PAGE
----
Members of the Student Government Association’s Wellness Committee established an Active Minds chapter at Castleton University this spring.
Active Minds is a national organization with more than 450 chapters on college campuses across the country. Founded in 2003, the Active Minds nonprofit was created by Alison Malmon after the suicide of her older brother, Brian, in 2000. Malmon, who was a junior in college when her brother died, recognized that Brian’s experience was similar to thousands of other young people who suffer in silence, believing that they are alone in the fight against mental illness. Malmon saw that while many were affected by mental health issues, few openly talk about their struggles due to shame and stigma.
“After my brother’s death, and knowing how preventable it was, I resolved – no matter what – to do something to change the way we approach mental health in this country,” Malmon says on the Active Minds website.
Active Minds is dedicated to saving lives and building stronger families and communities. Its goal is to create a culture at colleges that will encourage students to be as comfortable talking about mental health as they are with physical health. Suicide prevention is also a consistent theme.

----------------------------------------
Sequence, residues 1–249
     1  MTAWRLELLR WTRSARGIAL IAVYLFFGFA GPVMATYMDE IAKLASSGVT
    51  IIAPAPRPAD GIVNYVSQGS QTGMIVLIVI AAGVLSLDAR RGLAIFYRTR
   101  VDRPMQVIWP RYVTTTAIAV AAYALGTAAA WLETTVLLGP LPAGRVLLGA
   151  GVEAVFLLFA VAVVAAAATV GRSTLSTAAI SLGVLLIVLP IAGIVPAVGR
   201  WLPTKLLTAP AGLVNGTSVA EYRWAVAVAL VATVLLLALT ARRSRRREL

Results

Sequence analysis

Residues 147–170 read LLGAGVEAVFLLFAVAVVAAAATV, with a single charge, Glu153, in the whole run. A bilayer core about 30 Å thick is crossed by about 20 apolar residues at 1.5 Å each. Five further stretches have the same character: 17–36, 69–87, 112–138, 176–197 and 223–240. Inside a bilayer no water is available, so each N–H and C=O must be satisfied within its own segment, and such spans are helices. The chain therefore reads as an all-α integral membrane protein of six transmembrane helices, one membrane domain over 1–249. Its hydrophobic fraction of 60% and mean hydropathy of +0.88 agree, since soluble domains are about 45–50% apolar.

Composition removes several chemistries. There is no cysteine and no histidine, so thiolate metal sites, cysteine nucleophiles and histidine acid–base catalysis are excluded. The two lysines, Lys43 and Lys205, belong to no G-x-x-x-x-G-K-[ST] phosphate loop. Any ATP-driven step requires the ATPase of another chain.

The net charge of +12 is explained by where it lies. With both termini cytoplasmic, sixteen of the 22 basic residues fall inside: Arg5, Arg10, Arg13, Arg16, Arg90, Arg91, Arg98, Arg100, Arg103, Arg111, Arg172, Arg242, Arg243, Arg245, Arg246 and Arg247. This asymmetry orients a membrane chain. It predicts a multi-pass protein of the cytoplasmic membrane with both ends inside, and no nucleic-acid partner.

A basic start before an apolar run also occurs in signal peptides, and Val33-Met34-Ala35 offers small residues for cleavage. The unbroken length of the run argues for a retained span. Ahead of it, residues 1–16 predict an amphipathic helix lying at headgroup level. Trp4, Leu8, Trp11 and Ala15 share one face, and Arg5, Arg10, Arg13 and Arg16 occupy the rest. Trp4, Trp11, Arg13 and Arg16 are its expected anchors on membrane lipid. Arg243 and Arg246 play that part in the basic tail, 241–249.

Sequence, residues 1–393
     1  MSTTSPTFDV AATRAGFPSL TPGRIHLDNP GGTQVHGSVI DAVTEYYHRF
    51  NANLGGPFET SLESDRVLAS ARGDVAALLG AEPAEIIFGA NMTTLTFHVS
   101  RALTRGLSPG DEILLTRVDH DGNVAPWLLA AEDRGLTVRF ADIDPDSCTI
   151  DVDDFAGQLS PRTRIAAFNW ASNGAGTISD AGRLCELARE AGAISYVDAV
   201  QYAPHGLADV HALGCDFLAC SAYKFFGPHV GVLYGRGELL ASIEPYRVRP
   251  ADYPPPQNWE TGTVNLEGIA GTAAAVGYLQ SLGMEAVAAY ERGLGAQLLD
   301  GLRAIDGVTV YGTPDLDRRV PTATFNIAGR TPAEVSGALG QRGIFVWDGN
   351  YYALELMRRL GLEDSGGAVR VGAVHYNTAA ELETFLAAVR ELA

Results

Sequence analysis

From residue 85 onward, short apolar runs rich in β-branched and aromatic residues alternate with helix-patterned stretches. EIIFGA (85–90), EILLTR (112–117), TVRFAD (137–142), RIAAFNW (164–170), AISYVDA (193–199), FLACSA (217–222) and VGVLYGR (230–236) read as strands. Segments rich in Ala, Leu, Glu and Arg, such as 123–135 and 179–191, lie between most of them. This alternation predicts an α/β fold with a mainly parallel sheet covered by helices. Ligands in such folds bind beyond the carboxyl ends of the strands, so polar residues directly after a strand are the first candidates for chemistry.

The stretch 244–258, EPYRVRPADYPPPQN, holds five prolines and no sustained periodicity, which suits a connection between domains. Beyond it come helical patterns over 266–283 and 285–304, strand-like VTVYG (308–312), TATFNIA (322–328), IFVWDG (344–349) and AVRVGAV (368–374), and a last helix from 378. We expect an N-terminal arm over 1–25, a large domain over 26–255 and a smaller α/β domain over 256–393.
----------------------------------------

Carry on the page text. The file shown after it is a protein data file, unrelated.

“I was thrilled when students Jeff Hazard, Abby Mayo, and Kendra Ross approached me at the end of the fall semester and said that they wanted to start an Active Minds chapter,” said Martha Coulter, wellness center director. “They had already created a wellness committee within the SGA and this was another way to support mental wellness at Castleton. The club meets weekly and its membership is growing.”
Coulter and four students attended the Active Minds National Conference in Washington D.C. in March to learn what other universities and colleges are doing to support mental health on their campuses. More than 500 campus, government, foundation, and corporate representatives attended. Students heard from the 2019 featured presenter Cynthia Bissett Germanotta, president of the Born This Way Foundation, which she co-founded in 2012 alongside her daughter Stefani Germanotta – more notably recognized as musician and actress Lady Gaga. Students took away many ideas that will benefit their peers, including adding crisis numbers to student ID cards and more.